AN ART exhibition highlighting Russian history has opened in Whitchurch.

The exhibition, which currently sits in Whitchurch Library, features the works of Svetlana Elantseva, originally from Moscow but now living in Whitchurch.

Working in her native Russia, Svetlana worked as a member of a team of artists producing Communist Soviet-style art until the event of Perestroika, commonly believed to be the beginning of the break-up of the Soviet Union.

She later moved to England to study art, eventually finishing with a degree in fine art from Staffordshire University.

Svetlana says her works take inspiration from her life in Russia and she uses various different mediums to project her art, including paintings, collages, sculptures and photography.

"The processes explore different ways of working and incorporating techniques observed, photographed and documented during my life in Moscow, the south of Russia, and the Ural region," said Svetlana.

"My translation of ideas, designs and imagery are used for painting, collages, 3D ceramic sculptures, photographs and films.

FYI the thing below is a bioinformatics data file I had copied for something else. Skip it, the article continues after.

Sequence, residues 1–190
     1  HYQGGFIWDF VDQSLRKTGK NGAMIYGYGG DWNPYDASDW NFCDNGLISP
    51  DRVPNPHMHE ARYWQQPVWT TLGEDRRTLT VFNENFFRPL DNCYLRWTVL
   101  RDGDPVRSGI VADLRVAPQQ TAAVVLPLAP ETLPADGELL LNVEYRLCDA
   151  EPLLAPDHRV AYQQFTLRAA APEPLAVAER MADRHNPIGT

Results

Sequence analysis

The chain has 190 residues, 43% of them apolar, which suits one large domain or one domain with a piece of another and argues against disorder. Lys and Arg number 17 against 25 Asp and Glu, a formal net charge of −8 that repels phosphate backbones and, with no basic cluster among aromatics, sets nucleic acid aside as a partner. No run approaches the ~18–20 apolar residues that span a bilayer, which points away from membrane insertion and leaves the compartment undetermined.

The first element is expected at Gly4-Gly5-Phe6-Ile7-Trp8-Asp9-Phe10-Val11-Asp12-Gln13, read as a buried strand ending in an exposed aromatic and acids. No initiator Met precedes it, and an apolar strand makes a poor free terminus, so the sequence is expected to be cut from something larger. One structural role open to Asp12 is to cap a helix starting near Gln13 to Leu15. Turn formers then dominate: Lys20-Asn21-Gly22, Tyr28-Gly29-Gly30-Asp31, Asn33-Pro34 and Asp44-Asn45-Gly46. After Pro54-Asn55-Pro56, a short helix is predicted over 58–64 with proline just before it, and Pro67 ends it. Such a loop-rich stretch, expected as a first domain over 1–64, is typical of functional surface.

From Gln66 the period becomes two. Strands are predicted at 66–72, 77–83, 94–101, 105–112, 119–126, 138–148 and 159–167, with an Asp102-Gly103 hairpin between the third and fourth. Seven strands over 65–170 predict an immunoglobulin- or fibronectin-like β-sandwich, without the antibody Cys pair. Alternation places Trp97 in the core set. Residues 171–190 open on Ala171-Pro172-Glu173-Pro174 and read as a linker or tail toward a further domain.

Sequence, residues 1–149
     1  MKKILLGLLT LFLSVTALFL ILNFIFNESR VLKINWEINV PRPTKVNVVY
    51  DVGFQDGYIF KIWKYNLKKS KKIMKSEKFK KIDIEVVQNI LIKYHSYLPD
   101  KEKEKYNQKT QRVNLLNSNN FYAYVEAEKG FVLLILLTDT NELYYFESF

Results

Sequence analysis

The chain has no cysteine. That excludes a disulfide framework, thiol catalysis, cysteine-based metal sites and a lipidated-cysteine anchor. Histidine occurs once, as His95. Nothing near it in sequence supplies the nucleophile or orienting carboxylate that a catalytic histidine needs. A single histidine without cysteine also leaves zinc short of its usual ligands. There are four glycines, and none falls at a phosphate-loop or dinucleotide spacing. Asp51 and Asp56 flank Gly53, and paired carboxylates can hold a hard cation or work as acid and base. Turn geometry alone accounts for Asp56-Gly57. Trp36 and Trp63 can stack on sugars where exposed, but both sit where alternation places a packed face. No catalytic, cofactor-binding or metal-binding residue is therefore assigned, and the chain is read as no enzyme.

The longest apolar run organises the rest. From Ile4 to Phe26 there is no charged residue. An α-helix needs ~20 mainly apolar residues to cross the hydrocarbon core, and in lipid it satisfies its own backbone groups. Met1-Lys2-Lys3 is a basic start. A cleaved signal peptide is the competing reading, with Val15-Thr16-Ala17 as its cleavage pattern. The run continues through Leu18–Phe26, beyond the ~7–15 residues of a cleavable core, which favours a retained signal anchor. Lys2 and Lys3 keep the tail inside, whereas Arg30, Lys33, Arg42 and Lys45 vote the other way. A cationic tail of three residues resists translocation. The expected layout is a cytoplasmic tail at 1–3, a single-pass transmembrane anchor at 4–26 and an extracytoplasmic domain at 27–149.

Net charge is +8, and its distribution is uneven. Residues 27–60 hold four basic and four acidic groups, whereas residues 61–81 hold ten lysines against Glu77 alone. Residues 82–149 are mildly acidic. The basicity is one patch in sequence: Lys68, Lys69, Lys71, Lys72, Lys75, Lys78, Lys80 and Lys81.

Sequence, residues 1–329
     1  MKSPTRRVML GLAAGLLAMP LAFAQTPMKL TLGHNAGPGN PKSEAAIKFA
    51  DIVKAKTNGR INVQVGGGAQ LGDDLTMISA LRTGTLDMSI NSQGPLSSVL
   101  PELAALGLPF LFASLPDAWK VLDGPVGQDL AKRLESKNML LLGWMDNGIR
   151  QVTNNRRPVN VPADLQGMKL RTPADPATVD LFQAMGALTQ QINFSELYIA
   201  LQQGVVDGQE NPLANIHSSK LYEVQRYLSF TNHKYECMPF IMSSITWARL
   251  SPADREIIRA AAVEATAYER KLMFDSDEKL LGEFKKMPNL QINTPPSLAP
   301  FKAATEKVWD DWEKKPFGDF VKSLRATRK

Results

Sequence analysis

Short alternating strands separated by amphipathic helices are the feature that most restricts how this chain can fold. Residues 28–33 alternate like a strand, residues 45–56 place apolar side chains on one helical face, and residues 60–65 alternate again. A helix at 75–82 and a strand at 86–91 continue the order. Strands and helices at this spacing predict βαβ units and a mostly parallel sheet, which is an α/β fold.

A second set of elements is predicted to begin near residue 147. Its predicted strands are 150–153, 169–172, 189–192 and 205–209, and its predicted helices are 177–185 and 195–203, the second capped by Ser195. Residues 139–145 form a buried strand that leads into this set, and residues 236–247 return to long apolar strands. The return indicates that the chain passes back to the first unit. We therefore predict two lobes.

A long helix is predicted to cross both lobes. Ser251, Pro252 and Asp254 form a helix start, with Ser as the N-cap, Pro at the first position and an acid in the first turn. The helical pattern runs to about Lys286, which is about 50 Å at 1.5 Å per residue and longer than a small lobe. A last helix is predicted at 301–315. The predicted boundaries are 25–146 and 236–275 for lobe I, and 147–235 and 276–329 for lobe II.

"The colours used for the sculptures and some paintings evoke the feel of Russia.

"In England I finished a BTEC in Fine Art, a Foundation Degree in Creative Art for Employment at Staffordshire University followed by a BA Hons in Entrepreneurship for the Creative and Cultural Industries (Fine Art).

"I am seeking to expand my art locally and internationally using heritage and cultural influence as a vehicle for expressionism forging links between cultures via the medium of art.

"My paintings and ceramic figures are instantly recognisable as being of a Russian style, through the colours and the way they are used together."

Svetlana says that despite moving to the UK, she remains closely connected to Russia, and this comes through in her art.

"Throughout my life and travels I always feel a connection to my home land," she explains. "This develops my way, my art, where I pay homage to my heritage, country and its ways of life."

Her exhibition, Every Picture Tells a Story, will feature in Whitchurch Library until February 29.